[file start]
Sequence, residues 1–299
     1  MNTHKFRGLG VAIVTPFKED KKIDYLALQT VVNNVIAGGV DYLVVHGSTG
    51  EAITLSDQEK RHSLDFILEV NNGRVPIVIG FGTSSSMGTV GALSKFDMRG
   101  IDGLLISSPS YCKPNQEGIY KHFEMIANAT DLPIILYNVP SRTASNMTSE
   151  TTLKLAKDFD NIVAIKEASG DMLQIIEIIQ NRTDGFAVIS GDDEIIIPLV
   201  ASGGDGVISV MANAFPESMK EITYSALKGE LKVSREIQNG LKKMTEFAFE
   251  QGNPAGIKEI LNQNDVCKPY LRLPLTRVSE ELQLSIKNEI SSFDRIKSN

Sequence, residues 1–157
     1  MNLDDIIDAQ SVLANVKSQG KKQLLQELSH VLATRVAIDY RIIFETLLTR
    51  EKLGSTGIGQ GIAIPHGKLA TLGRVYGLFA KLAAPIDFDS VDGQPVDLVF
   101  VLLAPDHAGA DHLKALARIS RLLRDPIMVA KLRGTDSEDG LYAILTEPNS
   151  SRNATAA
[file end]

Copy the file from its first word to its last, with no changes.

Sequence, residues 1–299
     1  MNTHKFRGLG VAIVTPFKED KKIDYLALQT VVNNVIAGGV DYLVVHGSTG
    51  EAITLSDQEK RHSLDFILEV NNGRVPIVIG FGTSSSMGTV GALSKFDMRG
   101  IDGLLISSPS YCKPNQEGIY KHFEMIANAT DLPIILYNVP SRTASNMTSE
   151  TTLKLAKDFD NIVAIKEASG DMLQIIEIIQ NRTDGFAVIS GDDEIIIPLV
   201  ASGGDGVISV MANAFPESMK EITYSALKGE LKVSREIQNG LKKMTEFAFE
   251  QGNPAGIKEI LNQNDVCKPY LRLPLTRVSE ELQLSIKNEI SSFDRIKSN

Sequence, residues 1–157
     1  MNLDDIIDAQ SVLANVKSQG KKQLLQELSH VLATRVAIDY RIIFETLLTR
    51  EKLGSTGIGQ GIAIPHGKLA TLGRVYGLFA KLAAPIDFDS VDGQPVDLVF
   101  VLLAPDHAGA DHLKALARIS RLLRDPIMVA KLRGTDSEDG LYAILTEPNS
   151  SRNATAA